In most countries of the world, the ratio of men to women at older ages is well below 100. Ukraine’s sex ratio of 50 men per 100 women ages 65 and older is an extreme example, partly attributable to the lingering effects of high male mortality during World War II. More developed countries tend to have lower sex ratios among their older populations than do less developed countries, reflecting the wider gender differentials in life expectancies at birth in more developed countries (see Table 4).
In the future, sex ratios at older ages are projected to move in opposite directions in the more developed and less developed regions. These ratios are expected to increase in the next few decades in many industrialized countries as their life expectancy gender gap narrows. The opposite trend is anticipated in less developed countries. Given the small average gender gap in life expectancy in less developed countries relative to more developed nations, most demographers expect to see a widening of the female/male difference in upcoming decades, along the lines of the historical trend in industrialized nations. Many less developed countries are experiencing increases in alcohol and tobacco consumption and vehicular and industrial accidents-all of which tend, at least initially, to adversely affect men more than women.
Education is also related to the gender gap. As women “catch up” to men in terms of educational attainment, female survival and health status may improve.32 Regardless of the projected trends, women are expected to make up the majority of the world’s older population throughout the 21st century. Continuing or growing disparities in sex ratios mean that many of the challenges and problems faced by older people of today and tomorrow are, in essence, challenges and problems faced by older women.
Married people, particularly married men, enjoy healthier and longer lives than their unmarried counterparts. A recent study of the U.S. noninstitutionalized population found that married adults were healthier than unmarried adults within every population group (including age, sex, race, or ethnic groups) and within groups with similar health indicators (whether they were smokers, disabled, or physically inactive, for example). The only negative health indicator for which married adults had a higher prevalence was being overweight or obese.53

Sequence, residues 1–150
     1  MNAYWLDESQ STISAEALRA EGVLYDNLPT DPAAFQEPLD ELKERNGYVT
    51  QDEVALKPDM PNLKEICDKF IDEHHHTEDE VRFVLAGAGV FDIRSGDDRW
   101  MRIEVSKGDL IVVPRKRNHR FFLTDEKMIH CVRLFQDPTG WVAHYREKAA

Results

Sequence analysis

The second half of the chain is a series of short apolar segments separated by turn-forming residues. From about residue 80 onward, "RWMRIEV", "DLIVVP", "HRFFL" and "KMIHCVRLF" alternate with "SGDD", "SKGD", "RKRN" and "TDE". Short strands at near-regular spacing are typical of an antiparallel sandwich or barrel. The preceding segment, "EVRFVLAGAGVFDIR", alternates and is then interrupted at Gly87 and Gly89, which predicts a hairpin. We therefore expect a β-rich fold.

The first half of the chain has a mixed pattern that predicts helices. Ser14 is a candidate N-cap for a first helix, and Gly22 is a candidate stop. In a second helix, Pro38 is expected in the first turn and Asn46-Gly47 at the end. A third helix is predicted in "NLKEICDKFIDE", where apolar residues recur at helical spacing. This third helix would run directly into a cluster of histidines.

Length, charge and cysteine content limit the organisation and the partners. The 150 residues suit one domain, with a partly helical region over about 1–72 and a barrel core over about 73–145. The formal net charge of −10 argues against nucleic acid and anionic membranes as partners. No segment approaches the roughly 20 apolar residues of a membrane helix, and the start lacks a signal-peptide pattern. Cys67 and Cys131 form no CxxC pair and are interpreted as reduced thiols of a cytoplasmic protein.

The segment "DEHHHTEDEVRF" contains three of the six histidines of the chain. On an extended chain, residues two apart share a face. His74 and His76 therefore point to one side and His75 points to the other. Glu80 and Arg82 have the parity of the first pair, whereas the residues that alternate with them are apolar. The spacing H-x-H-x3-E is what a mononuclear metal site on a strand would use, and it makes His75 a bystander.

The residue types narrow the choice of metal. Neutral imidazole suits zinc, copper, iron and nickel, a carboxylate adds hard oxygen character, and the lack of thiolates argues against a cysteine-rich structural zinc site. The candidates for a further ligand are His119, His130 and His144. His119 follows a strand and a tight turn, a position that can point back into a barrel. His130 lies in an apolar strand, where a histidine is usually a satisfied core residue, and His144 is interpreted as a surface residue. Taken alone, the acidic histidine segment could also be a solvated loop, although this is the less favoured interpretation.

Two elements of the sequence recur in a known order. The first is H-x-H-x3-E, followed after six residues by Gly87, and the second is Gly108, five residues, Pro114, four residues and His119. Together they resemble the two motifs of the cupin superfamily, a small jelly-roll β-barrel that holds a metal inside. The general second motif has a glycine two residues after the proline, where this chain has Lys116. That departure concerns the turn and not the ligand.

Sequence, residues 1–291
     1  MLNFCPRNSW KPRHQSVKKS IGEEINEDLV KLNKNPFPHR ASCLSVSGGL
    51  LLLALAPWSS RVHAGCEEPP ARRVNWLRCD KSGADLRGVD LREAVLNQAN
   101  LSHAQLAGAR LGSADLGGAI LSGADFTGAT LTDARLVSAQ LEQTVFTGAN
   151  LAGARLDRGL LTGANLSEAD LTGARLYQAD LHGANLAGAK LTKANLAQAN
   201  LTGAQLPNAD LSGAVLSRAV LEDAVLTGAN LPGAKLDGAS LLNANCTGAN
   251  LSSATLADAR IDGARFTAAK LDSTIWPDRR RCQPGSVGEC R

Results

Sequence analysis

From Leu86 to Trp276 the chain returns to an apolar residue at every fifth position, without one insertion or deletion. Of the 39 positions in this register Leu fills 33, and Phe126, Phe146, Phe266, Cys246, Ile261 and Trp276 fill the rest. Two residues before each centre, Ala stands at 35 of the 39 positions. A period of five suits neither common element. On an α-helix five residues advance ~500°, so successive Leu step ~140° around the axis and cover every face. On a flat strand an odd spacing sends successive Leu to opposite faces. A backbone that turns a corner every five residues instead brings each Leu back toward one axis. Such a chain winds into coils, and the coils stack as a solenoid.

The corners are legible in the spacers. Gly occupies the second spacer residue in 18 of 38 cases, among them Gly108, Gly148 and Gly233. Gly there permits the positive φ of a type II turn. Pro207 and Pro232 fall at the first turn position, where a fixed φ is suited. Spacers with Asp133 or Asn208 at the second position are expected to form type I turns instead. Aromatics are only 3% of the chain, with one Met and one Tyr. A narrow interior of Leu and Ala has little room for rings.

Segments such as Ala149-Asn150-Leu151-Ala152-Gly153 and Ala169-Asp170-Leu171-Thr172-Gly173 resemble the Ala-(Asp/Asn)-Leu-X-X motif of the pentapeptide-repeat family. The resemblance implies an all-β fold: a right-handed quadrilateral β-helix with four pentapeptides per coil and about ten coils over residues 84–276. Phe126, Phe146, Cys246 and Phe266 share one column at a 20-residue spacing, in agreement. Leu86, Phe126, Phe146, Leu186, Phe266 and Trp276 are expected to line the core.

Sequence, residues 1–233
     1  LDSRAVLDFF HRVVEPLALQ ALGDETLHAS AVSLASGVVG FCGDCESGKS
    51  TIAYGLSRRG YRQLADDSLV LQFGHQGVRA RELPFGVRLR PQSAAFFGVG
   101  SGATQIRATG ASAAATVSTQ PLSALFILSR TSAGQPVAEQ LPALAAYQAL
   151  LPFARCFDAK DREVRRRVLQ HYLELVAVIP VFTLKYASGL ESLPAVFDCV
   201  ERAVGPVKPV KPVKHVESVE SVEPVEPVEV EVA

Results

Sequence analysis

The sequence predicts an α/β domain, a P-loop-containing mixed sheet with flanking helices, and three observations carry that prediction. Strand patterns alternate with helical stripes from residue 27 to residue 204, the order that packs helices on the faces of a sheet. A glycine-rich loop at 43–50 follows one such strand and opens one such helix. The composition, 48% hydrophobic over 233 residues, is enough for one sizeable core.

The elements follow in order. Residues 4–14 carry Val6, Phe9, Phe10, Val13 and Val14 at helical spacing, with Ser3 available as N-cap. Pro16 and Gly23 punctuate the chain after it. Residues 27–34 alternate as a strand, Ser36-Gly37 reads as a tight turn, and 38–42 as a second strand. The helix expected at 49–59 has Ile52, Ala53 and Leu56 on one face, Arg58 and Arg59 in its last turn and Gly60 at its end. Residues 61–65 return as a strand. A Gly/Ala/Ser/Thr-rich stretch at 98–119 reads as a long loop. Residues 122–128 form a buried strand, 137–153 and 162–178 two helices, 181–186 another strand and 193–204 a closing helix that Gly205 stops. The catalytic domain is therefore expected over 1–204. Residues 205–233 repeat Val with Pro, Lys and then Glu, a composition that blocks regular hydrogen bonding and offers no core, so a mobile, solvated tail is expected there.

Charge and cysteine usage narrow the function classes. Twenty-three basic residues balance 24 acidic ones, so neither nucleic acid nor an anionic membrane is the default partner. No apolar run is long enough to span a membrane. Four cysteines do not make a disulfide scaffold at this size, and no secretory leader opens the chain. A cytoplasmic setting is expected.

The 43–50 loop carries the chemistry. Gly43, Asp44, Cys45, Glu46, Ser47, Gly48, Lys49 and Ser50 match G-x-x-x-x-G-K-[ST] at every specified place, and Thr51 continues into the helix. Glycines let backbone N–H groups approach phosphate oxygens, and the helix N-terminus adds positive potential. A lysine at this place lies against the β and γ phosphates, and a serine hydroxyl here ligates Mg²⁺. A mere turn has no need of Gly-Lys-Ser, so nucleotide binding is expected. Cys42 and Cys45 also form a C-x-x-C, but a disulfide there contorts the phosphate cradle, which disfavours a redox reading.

Older married couples also tend to be more financially secure than unmarried people. Married older people are less likely to enter a nursing home because their spouses are often available to care for them in case of illness or disability. Changes in marital status at older ages can affect pension potential, retirement income, and an individual’s social support network; older widowed men, in particular, may lose contact with much of their support network after their wives die. By contrast, widowed women tend to maintain their support network after the death of a spouse. In almost every society, older men are likely to be married and older women are likely to be widowed. For both men and women, the proportion married decreases with older age and the proportion widowed increases (see Figure 6).
Gender differences in marital status reflect the interplay of several factors. First and most obvious is the sex difference in longevity: Women live longer than men. second, women tend to many men older than themselves which, combined with the sex difference in life expectancy, increases the chance that a woman’s husband will die before she does. Furthermore, older widowed men have higher remarriage rates than older widowed women in many countries, often as a function of cultural norms.34 Thus, women are more likely than men to lose their spouse and less likely to remarry if they are widowed. This preponderance of single women in older ages has important economic consequences for individuals and societies. Longitudinal data from Germany and the United States have revealed that, although the poverty rate is lower in Germany than in the United States, women in both nations tend to experience a decline in living standards when they become widows, and many fall into poverty because they lose their husband’s pension support.35
Changes in Marriage and Childbearing
Globally, the share of older men and women who are married has increased slightly and the proportion who are widowed has decreased during the past 30 years. Much of this change is attributable to improved joint survival of husbands and wives. In most countries relatively few older people have never married: 5 percent or fewer older men and 10 percent or fewer women. The percentages are somewhat higher in parts of Europe, where World War II deaths shrank the pool of potential husbands when today’s older women were of prime marriage age. Above-average proportions of older people in several Latin American and Caribbean nations also are never married, but this largely reflects the prevalence of consensual unions in those societies. While the category “consensual union” is widely used in census tabulations in these countries, some people who are living (or who have lived) in a consensual union are likely to report themselves as never married.